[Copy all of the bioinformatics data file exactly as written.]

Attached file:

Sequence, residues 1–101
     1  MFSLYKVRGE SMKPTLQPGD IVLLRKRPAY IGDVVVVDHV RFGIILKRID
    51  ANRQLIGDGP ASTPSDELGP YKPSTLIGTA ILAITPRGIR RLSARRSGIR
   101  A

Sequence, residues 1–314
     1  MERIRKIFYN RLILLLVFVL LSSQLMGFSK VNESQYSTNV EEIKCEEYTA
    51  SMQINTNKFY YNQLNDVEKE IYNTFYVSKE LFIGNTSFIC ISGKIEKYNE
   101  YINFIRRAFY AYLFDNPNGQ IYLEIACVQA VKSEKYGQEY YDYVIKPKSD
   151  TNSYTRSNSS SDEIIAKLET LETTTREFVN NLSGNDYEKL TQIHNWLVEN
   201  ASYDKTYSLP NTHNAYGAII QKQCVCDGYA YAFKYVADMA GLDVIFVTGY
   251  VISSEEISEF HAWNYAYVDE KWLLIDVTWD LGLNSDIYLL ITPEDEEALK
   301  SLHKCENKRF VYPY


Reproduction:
Sequence, residues 1–101
     1  MFSLYKVRGE SMKPTLQPGD IVLLRKRPAY IGDVVVVDHV RFGIILKRID
    51  ANRQLIGDGP ASTPSDELGP YKPSTLIGTA ILAITPRGIR RLSARRSGIR
   101  A

Sequence, residues 1–314
     1  MERIRKIFYN RLILLLVFVL LSSQLMGFSK VNESQYSTNV EEIKCEEYTA
    51  SMQINTNKFY YNQLNDVEKE IYNTFYVSKE LFIGNTSFIC ISGKIEKYNE
   101  YINFIRRAFY AYLFDNPNGQ IYLEIACVQA VKSEKYGQEY YDYVIKPKSD
   151  TNSYTRSNSS SDEIIAKLET LETTTREFVN NLSGNDYEKL TQIHNWLVEN
   201  ASYDKTYSLP NTHNAYGAII QKQCVCDGYA YAFKYVADMA GLDVIFVTGY
   251  VISSEEISEF HAWNYAYVDE KWLLIDVTWD LGLNSDIYLL ITPEDEEALK
   301  SLHKCENKRF VYPY